by Adrian Miller.

Michael Connell seems to like a challenge. Ignoring the rule about never working with children, Michael creates a routine about his child. Writing a comedy show which puts your parenting skills under the spotlight, including teaching your child things for which you only have the most basic skillset yourself…… all promises to be one very silly hour of comedy.

We speak with Michael Connell and begin by asking him whether there is a risk that by calling the show No hablo bebe people might think the whole show is in Spanish and not come along because they wouldn’t understand it?

Actually, yes,” he says. “However I thought it was worth running that risk because the title would hopefully appeal to people who are like me and speak a bit of Spanish. Also, I’m partly doing this show to push me to improve my Spanish. If it turns out the crowds coming to the show don’t speak English, it’ll force me to get a LOT better REALLY quick!”

Why did you choose Spanish as a second language for your daughter in lieu of, say, Latin or Mandarin?

“It was a bit of a stretch convincing my wife that I could teach our daughter Spanish,” Michael says. “I think if I’d said I was going to teach her a language like Mandarin or Latin my wife wouldn’t have been on board. Luckily she is very supportive of my crazy ideas, and I hit her with all the selling points of Spanish (don’t have to learn a new alphabet like Mandarin, third most spoken language in the world, fastest growing language online, etc.) so she was okay with it. She might not have got onboard if I’d said I wanted to teacher something more exotic like Klingon or Dothraaki.”

Is it true that the entire premise of your show is false in that you actually speak Spanish rather well?

“I wish,” he laughs. “That would be a great twist, but sadly that’s not the case. I’m very much still a learner, which is good for the show because it adds to the comedy. For example, I’m working on my accent but sometimes when I speak Spanish I worry I sound like Brian Brown ordering Italian.”

Have you become an expert on the various language learning apps available?

“I absolutely have! I have the most pimped out Duolingo Owl mascot to prove it.”

Do you expect conversational Spanish to come in handy at your daughter’s child care centre?

“It might,” Michael says. “There’s a couple of Venezuelan families at her day care, and I’m trying to encourage her to play with their kids. She keeps hanging out with the Chinese kids though, and I’m like, ‘no, no… don’t be friends with them… Daddy can’t learn another language…’.”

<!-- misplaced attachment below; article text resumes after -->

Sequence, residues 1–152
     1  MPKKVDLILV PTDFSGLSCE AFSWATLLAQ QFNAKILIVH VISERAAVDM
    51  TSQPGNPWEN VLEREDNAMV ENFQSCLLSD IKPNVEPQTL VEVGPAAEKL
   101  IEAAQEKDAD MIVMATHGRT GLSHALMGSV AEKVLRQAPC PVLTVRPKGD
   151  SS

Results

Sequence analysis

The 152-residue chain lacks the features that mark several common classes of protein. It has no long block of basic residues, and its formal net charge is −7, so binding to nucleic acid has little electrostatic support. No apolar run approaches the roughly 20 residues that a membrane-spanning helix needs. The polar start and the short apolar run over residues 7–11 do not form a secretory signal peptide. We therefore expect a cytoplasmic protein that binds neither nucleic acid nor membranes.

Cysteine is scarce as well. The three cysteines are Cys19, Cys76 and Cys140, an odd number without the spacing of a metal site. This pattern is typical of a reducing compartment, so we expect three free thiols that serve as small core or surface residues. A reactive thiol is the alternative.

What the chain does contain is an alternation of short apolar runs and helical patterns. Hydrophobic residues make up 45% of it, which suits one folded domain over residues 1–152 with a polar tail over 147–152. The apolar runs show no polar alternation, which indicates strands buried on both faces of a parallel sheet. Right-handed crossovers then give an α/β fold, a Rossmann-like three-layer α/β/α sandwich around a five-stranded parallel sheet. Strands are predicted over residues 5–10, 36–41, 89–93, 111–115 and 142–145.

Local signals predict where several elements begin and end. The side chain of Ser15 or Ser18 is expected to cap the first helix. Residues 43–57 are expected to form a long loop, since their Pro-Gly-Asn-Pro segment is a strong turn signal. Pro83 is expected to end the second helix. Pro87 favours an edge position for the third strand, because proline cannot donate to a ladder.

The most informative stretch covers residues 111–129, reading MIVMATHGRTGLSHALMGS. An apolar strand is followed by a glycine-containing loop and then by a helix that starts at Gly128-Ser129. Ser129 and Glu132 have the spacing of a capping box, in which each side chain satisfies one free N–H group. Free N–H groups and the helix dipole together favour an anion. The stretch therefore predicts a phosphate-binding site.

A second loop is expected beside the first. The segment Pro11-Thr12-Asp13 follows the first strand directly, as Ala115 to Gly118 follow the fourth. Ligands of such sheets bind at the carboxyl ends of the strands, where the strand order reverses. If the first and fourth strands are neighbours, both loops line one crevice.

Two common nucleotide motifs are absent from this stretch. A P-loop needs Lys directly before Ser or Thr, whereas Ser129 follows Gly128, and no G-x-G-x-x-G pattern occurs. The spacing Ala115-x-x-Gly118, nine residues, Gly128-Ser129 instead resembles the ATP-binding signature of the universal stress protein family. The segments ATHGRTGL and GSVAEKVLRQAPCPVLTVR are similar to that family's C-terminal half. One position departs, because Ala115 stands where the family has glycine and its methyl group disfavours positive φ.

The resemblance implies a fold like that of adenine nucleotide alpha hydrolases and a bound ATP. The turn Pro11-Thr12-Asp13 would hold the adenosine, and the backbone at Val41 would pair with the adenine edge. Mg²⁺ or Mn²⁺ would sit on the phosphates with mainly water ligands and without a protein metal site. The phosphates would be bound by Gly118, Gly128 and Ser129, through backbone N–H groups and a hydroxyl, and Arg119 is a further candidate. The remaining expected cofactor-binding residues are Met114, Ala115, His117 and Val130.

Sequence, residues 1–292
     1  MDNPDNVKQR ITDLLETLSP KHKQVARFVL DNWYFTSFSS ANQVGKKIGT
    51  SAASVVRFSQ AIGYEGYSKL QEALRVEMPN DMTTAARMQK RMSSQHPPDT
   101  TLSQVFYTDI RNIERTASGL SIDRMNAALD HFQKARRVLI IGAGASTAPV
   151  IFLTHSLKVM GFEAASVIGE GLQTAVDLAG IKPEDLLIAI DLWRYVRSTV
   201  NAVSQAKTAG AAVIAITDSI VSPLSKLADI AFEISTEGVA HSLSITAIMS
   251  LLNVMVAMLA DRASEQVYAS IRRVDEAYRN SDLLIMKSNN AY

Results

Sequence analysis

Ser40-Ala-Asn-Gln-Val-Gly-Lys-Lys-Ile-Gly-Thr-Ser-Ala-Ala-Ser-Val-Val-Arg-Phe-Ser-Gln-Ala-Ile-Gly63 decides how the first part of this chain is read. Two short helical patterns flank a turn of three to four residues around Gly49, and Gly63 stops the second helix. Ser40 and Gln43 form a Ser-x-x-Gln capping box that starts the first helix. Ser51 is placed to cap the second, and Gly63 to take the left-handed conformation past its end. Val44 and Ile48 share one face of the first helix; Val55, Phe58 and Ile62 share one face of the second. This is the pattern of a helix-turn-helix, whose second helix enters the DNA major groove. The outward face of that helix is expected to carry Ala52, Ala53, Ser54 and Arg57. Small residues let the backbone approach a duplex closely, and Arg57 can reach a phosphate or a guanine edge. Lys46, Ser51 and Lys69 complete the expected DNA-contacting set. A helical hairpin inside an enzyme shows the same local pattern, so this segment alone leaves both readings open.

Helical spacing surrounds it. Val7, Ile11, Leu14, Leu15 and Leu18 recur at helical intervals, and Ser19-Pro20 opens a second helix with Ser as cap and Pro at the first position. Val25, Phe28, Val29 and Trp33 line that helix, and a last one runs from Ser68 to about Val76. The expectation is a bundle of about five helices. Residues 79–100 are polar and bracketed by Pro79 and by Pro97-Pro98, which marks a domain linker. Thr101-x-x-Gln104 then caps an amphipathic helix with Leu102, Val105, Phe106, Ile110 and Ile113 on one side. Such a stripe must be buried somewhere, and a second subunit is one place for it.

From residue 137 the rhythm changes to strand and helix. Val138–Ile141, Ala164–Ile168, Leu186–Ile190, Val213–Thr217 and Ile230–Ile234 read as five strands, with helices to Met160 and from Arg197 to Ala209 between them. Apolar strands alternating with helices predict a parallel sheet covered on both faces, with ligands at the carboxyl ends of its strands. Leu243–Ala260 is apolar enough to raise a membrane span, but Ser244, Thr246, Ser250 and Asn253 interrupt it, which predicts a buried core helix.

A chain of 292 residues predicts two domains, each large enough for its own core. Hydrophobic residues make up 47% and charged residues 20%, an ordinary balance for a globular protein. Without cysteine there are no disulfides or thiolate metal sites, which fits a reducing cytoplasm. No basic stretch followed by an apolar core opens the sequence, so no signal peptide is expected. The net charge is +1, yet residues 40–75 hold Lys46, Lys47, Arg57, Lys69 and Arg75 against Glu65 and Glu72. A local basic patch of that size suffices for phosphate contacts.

How is parenting going aside from the language lessons?

“Actually, really well. I spent years juggling at kids parties, so now keeping one kid occupied is a breeze. She’s not hopped up on sugar, I can send her to bed if I want to, and if it gets really tough I can tag out and let me wife handle things. I mean, that’s how I feel now… ask me at the end of Fringe when I haven’t slept for a month.”

Will there be any juggling in this show?

Yes, there will be juggling in the show,” he says. “Thanks to the pandemic I’ve had a lot of time to work on my tricks, so I’m excited to show them off at Adelaide Fringe. During lockdown everyone said I should get into home baking – luckily I didn’t because that would’ve made a much more boring Fringe show.”

Do you think this show will appeal to people of all ages and language skills?

“Yeah, anyone can come along to this show. If you don’t speak any Spanish you’ll be fine because I explain everything as we go. If you do speak Spanish you’ll get the jokes a bit before everyone else and feel smug.”

You are known for ‘squeaky clean comedy’. Do you think Adelaide is ready for this?

“I’ve seen some pretty crazy stuff at Fringe over the years; people hanging from the roof by hooks, human dart boards, guys swallowing swords. I’m doing an hour of stand-up about being a dad and learning a second language – I’m sure Adelaide will cope. If people start fainting during my routine about day care, I’m gonna be very surprised.”

Is there anything else you would like to tell us to convince us to come along to see No hablo bebe?

“I’ve been working on this show for over a year, so please come along,” Michael says. “It’s going to be a lot of fun, and if I don’t do a good job teaching my daughter Spanish, money from ticket sales will help pay for speech therapy.”

Michael Connell performs No hablo bebe at Hell’s Kitchen at Rhino Room from 6.15pm on Tue 9 Mar until Sat 20 Mar, at Theatre Two at The Parks Theatres from 6.45pm on Sun 7 Mar until Sun 14 Mar and at HAT’s Courthouse Cultural Centre Auburn from 6.30pm on Sun 21 Mar.

Book at FringeTIX on 1300 621 255 and Click HERE to purchase your tickets.

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